The Hebrew calendar is full of holidays. From the weekly Sabbath, to the yearly High Holy Days, every month contains sacred occasions. Some of our holidays are specifically joyous. These include Simchat Torah and Shavuot where we celebrate receiving the Torah and Tu BiShvat, the Jewish New Year for the Trees, which has become a modern Jewish Earth Day. Other holidays, like Hanukkah, Purim, and Passover commemorate Jewish victories over enemies who sought our destruction. We are joyous in our celebrations and at the same time that we recall how close our ancestors came to calamity. And there are days set aside each year to remember the occasions when we were defeated.
This weekend and early next week we will observe Tisha B’Av – The Ninth of Av, throughout Jewish history, this is a day when our people suffered. We commemorate the destruction of both the First and the Second Temple in Jerusalem (587 BCE and 70 CE respectively), the Roman massacre of 100,000 Jews at Betar during the Bar Kokba revolt (132 CE), Jewish expulsion from England (1290 CE), France (1306 CE), and Spain (1492 CE), and the mass deportation of the Jews from the Warsaw Ghetto (1942 CE) among other Jewish tragedies. Tisha B’Av is traditionally a day of fasting and mourning. We read about the destruction of Jerusalem from the book of Lamentations. The worship liturgy also contains readings relating to the other losses suffered on this day throughout history.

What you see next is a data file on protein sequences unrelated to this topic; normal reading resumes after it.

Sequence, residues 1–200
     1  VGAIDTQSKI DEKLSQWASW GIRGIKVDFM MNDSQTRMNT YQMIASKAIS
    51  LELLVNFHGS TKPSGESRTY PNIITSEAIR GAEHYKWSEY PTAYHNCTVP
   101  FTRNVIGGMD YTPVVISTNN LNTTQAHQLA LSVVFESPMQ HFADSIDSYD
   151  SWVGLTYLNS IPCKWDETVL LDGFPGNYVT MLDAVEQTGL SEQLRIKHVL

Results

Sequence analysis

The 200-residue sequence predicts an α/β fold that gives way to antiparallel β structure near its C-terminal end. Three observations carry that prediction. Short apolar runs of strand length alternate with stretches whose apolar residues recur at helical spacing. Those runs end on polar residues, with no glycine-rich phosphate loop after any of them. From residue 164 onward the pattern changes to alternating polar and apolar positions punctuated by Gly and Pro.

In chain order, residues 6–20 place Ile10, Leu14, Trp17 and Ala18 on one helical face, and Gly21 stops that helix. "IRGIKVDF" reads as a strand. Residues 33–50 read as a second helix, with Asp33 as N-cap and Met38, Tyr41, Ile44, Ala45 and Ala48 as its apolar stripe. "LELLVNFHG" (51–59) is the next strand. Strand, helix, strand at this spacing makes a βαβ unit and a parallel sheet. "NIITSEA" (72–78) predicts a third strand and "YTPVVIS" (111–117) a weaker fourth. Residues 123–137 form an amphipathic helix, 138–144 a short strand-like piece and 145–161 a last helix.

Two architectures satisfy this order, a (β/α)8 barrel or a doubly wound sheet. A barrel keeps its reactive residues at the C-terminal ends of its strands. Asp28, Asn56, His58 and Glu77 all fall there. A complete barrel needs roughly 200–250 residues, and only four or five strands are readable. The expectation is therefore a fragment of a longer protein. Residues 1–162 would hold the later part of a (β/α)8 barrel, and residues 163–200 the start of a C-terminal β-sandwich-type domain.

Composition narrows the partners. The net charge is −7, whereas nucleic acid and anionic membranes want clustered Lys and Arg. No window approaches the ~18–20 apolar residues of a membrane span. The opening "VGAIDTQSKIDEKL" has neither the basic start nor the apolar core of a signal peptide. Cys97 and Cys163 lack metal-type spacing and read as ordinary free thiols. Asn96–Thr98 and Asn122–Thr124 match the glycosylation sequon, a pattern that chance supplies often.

Tisha B’Av officially takes place this coming Monday Night and Tuesday. We will be marking it at Shabbat services this Friday. This year, KI will embark upon a yearlong study of the Prophets. At our Torah Study, we have already switched our weekly discussion from the Torah portion to the Haftarah portion – sections taken from our Prophetic tradition. In the three weeks leading up to Tisha B’Av, the Haftarah comes from the book of Jeremiah.
Jeremiah lived during the time of the destruction of the First Temple and the Jewish exile to Babylon. Jeremiah witnessed the ransacking of Jerusalem. Rather than condemning the Jewish people and Judaism to die in exile, Jeremiah ends his prophecy with a message of hope. For him, it is always possible for our people to rebuild and renew their religious and spiritual connections with one another and to the Land of Israel. Jeremiah’s legacy, in fact, the legacy of the Jewish people, is that even in the face of existential destruction, we have survived. With each threat to the Jewish people and to Judaism, there emerges a new shoot, a new community that seeks to breathe new life into our faith and tradition. The story of the Jewish people did not end in 587 BCE, or 70 CE, or 1942. Many lives were lost. Many towns, villages, and holy places were lost to bigotry and hatred, but our spirit has remained intact.
This Tisha B’Av the Jewish people and the Nation of Israel again will be mourning the loss of Jewish life. May we have the courage and the faith to know that we are stronger than our enemies, that bigotry and hatred will not destroy us. We will mourn our losses past and present, but we will also write the next chapter of our people’s story.